Finally, Defendant Kolts contends that the Declaratory Judgment Act, 28 U.S.C. §§ 2201 and 2202, as well as an action in the nature of mandamus, 28 U.S.C. § 1361, do not confer jurisdiction upon the federal courts to hear a claim for relief. This argument, however, is moot given that this Court holds that subject matter jurisdiction...

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10 practice notes
  • Caldwell v. Obama, Civil Action No. 13–1438 (BAH)
    • United States
    • United States District Courts. United States District Court (Columbia)
    • November 20, 2013
    ...desired outcome—and, in any event, such codes of conduct provide no private right of action. SeeChurch of Scientology Int'l v. Kolts, 846 F.Supp. 873, 882 (C.D.Cal.1994) (“Given that no private right of action exists for violations of the Judicial Code, Plaintiff can state no facts which wo......
  • Kimbell v. Benner, Case No. CV 17-4767 FMO (SS)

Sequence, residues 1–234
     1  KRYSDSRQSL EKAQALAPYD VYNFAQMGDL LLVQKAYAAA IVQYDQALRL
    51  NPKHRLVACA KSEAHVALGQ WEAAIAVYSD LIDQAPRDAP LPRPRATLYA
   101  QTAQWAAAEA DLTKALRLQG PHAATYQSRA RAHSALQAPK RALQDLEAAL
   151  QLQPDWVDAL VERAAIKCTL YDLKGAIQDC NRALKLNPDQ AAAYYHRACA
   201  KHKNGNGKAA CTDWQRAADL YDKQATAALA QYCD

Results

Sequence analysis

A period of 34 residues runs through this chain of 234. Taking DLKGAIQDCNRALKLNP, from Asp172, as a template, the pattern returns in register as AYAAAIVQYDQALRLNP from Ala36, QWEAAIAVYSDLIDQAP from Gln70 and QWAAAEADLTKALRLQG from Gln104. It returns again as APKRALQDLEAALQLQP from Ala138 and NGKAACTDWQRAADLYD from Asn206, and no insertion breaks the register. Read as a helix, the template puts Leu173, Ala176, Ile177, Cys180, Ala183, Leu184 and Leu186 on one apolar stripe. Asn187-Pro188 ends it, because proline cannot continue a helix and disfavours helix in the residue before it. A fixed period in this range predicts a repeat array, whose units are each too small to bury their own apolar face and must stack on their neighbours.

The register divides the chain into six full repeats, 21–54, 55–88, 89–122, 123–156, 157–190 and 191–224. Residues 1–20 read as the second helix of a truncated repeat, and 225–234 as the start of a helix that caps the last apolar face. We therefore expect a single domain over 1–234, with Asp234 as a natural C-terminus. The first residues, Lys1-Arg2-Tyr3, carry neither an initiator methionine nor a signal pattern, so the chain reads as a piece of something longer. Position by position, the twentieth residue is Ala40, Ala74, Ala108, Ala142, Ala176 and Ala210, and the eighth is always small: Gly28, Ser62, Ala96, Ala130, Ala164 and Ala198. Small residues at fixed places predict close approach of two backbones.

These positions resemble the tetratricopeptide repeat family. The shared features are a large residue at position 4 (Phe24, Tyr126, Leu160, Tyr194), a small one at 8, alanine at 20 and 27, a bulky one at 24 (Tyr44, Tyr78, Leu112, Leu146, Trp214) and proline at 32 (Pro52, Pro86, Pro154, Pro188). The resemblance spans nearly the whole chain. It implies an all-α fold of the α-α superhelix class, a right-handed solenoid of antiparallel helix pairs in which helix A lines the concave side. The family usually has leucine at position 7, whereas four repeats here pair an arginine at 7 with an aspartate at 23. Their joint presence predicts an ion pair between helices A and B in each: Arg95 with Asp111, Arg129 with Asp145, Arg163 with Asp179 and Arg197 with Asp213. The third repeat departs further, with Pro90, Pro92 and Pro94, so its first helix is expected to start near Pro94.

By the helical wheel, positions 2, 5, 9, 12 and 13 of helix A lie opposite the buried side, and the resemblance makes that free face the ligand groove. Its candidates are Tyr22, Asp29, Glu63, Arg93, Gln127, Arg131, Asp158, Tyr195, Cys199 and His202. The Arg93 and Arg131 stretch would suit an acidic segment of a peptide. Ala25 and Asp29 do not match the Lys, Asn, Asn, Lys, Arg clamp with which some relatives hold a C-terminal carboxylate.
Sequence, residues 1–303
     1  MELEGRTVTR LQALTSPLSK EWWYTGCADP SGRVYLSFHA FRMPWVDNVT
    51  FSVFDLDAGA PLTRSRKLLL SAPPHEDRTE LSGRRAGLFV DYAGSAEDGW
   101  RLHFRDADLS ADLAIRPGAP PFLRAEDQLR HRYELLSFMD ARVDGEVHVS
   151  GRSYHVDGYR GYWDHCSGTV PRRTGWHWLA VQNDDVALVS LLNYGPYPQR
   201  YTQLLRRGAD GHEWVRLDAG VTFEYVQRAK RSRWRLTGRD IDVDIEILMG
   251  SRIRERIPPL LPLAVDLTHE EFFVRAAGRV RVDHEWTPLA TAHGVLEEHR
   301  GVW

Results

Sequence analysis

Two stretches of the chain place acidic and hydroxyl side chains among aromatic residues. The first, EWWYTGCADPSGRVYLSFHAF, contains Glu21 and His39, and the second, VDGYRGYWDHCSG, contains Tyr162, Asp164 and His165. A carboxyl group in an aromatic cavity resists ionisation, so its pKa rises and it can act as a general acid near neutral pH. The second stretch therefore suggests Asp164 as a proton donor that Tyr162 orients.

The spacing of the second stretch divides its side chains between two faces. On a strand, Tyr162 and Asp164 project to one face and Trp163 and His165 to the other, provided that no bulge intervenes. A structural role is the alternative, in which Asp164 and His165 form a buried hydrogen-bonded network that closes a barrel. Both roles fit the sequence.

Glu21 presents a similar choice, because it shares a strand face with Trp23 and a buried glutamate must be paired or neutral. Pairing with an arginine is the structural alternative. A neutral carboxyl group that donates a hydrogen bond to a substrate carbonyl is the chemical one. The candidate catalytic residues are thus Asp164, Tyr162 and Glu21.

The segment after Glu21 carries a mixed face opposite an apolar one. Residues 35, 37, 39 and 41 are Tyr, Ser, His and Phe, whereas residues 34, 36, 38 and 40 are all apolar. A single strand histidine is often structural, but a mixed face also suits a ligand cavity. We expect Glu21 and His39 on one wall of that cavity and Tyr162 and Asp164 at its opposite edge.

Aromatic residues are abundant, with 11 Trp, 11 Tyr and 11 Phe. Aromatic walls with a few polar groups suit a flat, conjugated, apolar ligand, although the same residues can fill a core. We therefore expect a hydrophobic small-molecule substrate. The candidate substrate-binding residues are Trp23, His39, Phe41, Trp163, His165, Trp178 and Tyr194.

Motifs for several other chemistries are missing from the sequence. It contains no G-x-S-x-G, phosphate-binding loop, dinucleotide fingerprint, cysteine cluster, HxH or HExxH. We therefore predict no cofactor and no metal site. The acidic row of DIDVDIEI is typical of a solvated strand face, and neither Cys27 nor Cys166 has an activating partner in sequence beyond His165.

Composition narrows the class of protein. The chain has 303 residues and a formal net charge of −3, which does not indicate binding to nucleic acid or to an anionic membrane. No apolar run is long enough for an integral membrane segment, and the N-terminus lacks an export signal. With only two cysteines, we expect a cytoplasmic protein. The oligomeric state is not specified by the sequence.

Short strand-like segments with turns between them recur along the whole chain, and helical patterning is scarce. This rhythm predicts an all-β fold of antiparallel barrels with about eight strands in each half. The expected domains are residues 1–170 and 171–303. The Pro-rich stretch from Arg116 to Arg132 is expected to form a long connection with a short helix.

• United States
    • United States District Courts. 9th Circuit. United States District Courts. 9th Circuit. Central District of California
    • February 26, 2018
    ...*1 (N.D. Ill. Aug. 27, 2003); Wentworth v. Hedson, 248 F.R.D. 123, 125 (E.D.N.Y. 2008); cf.Page 18 Church of Scientology Int'l v. Kolts, 846 F. Supp. 873, 878 (C.D. Cal. 1994) ("while the Code [of Conduct for United Sates Judges] may have the force of law, it does not seem to provide a gran......
  • Jenkins v. Eastern Capital Corp., No. C 93-1171 FMS.
    • United States
    • United States District Courts. 9th Circuit. United States District Courts. 9th Circuit. Northern District of California
    • March 17, 1994
    ...of action sounds in contract, not tort, Foley v. Interactive Data Corp., 47 Cal.3d 654, 682-700, 254 Cal.Rptr. 211, 765 P.2d 373 (1988); 846 F. Supp. 873 therefore, this Court's holding as to plaintiff's cause of action for breach of contract removes the basis of plaintiff's claim for breac......